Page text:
Constitution of American Samoa
The original Constitution was adopted by a constitutional convention and was signed by the 68 members of the convention and Interior Secretary Fred Andrew Seaton on 27 April 1960 and became effective 17 October 1960. A Constitutional Convention of American Samoa in Fagatogo begun on 26 September 1966 and approved several amendments, which were approved in a referendum in the general elections in 1966, promulgated by Interior Secretary Stewart Udall on 2 June 1967, and became effective 1 July 1967.
To prevent the Secretary of the Interior from appointing an Attorney General independent of the elected Governor, Congress passed a law in 1983 mandating that amendments to the Constitution be made by Congress alone.
Given that the Secretary of the Interior technically holds all power, his position has been called that of a "benevolent dictator", and the Constitution as a "giant deceit".
The Ratification Act of 1929 was joint resolution of the United States Congress that ratified the Treaty of Cession of Tutuila of 1900 and the Treaty of Cession of Manuʻa of 1904, which ceded the islands of Tutuila and Manuʻa, respectively, to the United States and now form part of American Samoa. As such it is one of the basic Constitutional documents of American Samoa.
- Leibowitz 1980, p. 254.
- Leibowitz 1989, p. 420.
- Leibowitz 1980, pp. 254-255.
- Leibowitz 1989, p. 423.
- Pub.L. 98–213, 97 Stat. 1459, enacted December 8, 1983, § 12 at 97 Stat. 1462, codified at 48 U.S.C. § 1662a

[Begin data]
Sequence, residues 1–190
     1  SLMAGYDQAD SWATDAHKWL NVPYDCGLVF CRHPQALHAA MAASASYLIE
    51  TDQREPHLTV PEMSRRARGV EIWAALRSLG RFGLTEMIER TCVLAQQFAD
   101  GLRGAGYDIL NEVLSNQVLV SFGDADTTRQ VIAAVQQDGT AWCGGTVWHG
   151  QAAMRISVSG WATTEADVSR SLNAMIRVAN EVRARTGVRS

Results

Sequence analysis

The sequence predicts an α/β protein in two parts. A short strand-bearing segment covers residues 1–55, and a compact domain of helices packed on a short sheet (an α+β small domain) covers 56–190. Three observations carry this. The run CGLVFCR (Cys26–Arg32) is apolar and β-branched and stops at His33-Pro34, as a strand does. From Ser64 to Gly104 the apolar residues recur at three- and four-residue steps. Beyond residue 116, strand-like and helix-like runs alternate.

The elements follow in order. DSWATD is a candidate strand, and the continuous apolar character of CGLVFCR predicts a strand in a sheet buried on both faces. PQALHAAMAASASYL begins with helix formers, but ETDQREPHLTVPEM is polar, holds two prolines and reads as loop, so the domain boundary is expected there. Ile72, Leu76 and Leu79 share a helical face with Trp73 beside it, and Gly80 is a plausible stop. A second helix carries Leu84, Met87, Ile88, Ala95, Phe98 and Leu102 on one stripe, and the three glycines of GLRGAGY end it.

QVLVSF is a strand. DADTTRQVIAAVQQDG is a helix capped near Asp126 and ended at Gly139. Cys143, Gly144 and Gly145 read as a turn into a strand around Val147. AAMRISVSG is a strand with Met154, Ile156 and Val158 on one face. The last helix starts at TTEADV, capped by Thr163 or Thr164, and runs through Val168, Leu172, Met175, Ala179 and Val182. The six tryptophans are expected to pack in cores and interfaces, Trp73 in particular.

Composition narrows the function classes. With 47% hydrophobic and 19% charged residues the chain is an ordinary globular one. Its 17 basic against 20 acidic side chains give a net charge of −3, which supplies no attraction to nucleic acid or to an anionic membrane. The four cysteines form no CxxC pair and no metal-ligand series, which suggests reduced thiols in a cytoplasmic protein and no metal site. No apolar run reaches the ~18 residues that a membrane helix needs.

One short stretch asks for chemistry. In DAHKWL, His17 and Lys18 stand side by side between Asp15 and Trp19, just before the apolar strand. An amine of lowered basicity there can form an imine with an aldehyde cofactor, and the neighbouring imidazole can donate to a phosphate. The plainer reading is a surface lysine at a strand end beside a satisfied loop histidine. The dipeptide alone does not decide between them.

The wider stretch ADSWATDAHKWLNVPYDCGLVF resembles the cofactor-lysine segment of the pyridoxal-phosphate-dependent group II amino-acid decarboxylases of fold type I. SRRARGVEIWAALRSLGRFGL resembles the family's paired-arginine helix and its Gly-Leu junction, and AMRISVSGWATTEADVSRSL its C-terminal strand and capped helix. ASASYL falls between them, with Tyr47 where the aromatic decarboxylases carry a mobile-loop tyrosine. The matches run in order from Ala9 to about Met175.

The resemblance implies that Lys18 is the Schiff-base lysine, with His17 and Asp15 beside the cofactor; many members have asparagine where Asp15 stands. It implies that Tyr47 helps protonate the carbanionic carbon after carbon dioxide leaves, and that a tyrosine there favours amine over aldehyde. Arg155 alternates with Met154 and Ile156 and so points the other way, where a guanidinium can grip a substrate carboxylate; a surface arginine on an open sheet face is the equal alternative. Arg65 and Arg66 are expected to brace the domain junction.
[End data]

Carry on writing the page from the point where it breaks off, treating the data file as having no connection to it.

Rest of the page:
- U.S. Government Accountability Office (September 18, 2008). American Samoa: Issues Associated with Some Federal Court Options (Report). U.S. Government Accountability Office. http://www.gao.gov/assets/130/121189.pdf.
- Leibowitz, Arnold H (1980). "American Samoa: Decline of a Culture". California Western International Law Journal 10: 220–271.
- Leibowitz, Arnold H (1989). Defining Status: A Comprehensive Analysis of United States Territorial Relations. ISBN 978-0-7923-0069-4. "His legal position would not only permit him to investigate and overturn decisions of the judiciary in American Samoa, but the decisions of the Executive and Legislative branches as well. … The very fact that his office exists as an ombudsman, to put it kindly, or as a benevolent dictator — to put it less generously — depreciates all Samoan government institutions and makes the Samoan Constitution adopted in 1960 a giant deceit."